The other humans are acceptable
As for the monster action, it is absolutely stellar. Despite his credentials for well-crafted horror, director Adam Wingard (The Guest, You're Next) was an unknown quantity in terms of big budget special effects. Still, he manages to put together large-scale action that is comprehensible, well-edited, and surprisingly stylistic. There are also some neat visuals in the middle of the film involving a "gravity inversion," and the two main battles between the titular heavyweights are everything I could have ever hoped them to be. Granted, Kong has been scaled up, as expected, but Godzilla seems to have been scaled down as well, which is odd. Wingard also seems incapable of capturing the scale of these beasts the way Gareth Edwards does in 2014's Godzilla, and by the time the monsters are crashing into buildings during the extended climax, it does get a bit cartoonish. I mean that in the best possible way, though, as this movie feels almost identical to a Toho Godzilla movie of the Millenium Era, albeit with vastly improved visual effects.
This brings me to the minor spoiler: MechaGodzilla. Most fans had already figured out that this movie was going to end with Godzilla and Kong calling a truce and fighting together to take down MechaGodzilla, and the way this predictable-but-awesome plot reveal is handled is pretty good, bringing together all of the storylines for a satisfying final confrontation. I'm not too keen on the overall design, but it does match the aesthetic of this universe. I won't spoil it, but how the final battle plays out is just a chef's kiss of perfection.
If you came for the action, you came to the right place
At the end of the day, this is a big, stupid movie that delivers exactly what it sets out to, without getting distracted by too much human melodrama or unwarranted subtextual themes. The plot is beyond ridiculous, but it sets up one of the most thrilling kaiju battles ever put to film. Though I will always have a soft spot in my heart for 2014's Godzilla and still consider it a masterclass in how to do justice to the Japanese original, Godzilla vs. Kong truly and legitimately feels like the best possible American interpretation of a Japanese Godzilla movie. If you can safely see it in theaters and there's a theater open near you, I absolutely encourage you to go see this on the big screen.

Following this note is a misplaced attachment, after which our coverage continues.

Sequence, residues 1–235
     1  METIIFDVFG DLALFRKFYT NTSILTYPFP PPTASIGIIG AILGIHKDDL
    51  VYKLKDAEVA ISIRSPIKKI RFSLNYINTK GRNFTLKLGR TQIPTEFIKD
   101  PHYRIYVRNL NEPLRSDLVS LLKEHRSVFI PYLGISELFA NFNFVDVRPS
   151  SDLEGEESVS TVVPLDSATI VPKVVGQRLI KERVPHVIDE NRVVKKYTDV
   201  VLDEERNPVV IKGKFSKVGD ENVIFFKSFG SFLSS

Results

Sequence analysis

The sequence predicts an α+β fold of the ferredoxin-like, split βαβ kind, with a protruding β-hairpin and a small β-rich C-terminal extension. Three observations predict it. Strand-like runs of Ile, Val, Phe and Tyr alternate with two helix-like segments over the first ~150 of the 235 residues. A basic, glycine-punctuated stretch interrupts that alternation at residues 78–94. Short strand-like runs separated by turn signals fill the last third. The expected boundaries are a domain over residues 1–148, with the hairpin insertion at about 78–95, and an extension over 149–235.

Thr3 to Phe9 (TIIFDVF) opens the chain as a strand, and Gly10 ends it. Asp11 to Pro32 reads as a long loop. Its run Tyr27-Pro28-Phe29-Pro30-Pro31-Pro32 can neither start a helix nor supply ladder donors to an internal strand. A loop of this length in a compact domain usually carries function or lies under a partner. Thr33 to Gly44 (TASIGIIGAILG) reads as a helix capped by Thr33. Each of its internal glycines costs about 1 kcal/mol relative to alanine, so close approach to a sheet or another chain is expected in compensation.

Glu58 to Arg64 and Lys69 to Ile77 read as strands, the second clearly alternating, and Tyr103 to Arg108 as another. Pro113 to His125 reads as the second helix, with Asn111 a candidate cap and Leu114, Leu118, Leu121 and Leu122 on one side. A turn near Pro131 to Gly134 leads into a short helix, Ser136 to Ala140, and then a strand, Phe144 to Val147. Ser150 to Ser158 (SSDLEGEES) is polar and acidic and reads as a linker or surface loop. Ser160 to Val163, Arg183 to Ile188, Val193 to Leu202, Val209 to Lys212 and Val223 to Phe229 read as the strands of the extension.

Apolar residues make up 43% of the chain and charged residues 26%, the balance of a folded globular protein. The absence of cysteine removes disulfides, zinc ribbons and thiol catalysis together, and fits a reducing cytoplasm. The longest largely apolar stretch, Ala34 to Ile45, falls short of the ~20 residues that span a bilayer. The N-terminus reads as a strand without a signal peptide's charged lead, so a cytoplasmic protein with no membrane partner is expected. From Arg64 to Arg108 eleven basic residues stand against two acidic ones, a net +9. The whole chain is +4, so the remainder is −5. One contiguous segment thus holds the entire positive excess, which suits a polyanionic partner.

Surprisingly, despite the global pandemic wreaking havoc with the worldwide box office, Godzilla vs. Kong is doing very well, especially in China, and critics have been much warmer to it than they have the last two films in the MonsterVerse. Many films have had pretentions of being the movie to finally break Hollywood out of the coronavirus rut, but it's looking like this might actually be the movie to do it. As a result, things are looking up for the MonsterVerse, and though Legendary and Toho have been deafeningly quiet on any future plans, here's hoping we get to see more. Is it too much to ask for Anguirus and Gigan to make an appearance next time? How about Jet Jaguar?
-e. magill 4/1/2021
SPECIAL THANKS TO MY PATRONS: